The franchisee brought an action for statutory rescission and damages. The franchisor responded by bringing a motion for a stay of the action based on the arbitration clauses in both agreements. The franchisee then moved for summary judgment for rescission. As discussed in the February issue of the Osler Franchise Review, Madam Justice MacLeod found that the franchisee was entitled to rescind the franchise agreement under the Act. The franchisor was not entitled to enforce the arbitration clause in the franchise agreement. Macleod, J. noted that the Act and its regulations required any alternative dispute resolution mechanism (such as arbitration) to be described in detail in the disclosure document. Since there was no disclosure document, the franchisor could not rely on this provision. Madam Justice MacLeod dismissed the franchisor’s motion and granted summary judgment in favour of the franchisee.
The Issue on Appeal
The issue in the Court of Appeal was whether the motion judge erred both by failing to order a stay of the action so that the claims could be referred to arbitration and by proceeding to grant summary judgment on the claim for rescission of the second franchise agreement.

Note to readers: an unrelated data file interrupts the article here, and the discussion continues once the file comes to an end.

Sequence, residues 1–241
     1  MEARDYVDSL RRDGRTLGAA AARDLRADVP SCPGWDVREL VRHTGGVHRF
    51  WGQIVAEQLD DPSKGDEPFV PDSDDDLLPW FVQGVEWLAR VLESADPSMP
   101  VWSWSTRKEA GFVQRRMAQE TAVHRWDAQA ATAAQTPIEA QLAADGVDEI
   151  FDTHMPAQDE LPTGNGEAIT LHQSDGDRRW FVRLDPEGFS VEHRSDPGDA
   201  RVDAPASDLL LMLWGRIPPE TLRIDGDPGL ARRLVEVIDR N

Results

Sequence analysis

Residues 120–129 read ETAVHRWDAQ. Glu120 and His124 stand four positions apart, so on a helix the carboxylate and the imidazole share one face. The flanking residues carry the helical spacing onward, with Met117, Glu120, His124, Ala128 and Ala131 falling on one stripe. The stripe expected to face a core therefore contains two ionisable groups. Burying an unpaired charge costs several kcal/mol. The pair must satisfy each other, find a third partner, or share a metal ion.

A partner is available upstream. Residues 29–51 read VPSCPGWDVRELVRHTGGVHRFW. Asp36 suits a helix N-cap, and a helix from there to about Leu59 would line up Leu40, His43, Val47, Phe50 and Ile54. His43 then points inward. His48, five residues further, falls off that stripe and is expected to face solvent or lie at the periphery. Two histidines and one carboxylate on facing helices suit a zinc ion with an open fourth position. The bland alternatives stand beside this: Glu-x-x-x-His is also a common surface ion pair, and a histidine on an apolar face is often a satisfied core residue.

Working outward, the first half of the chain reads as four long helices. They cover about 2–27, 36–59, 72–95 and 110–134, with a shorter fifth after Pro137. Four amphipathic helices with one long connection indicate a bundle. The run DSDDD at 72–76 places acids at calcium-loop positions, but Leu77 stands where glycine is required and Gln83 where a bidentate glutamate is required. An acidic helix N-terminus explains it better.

Validity of the Arbitration Clause
The court found that there was nothing in the Act that excluded the application of the Arbitration Act, 1991 (Arbitration Act) that governs arbitrations in the province of Ontario. The Arbitration Act directs courts to stay actions that are commenced in the face of arbitration agreements with only limited exceptions i.e., when the arbitration agreement is invalid or when the matter is a proper one for default or summary judgment. After examining the arbitration clause in the second franchise agreement, the court found that the parties’ dispute (namely, rescission and damages) fell within the ambit of the arbitration clause. As such, unless the exceptions (as discussed above) applied, the motions judge should have stayed the action and referred the claim to arbitration.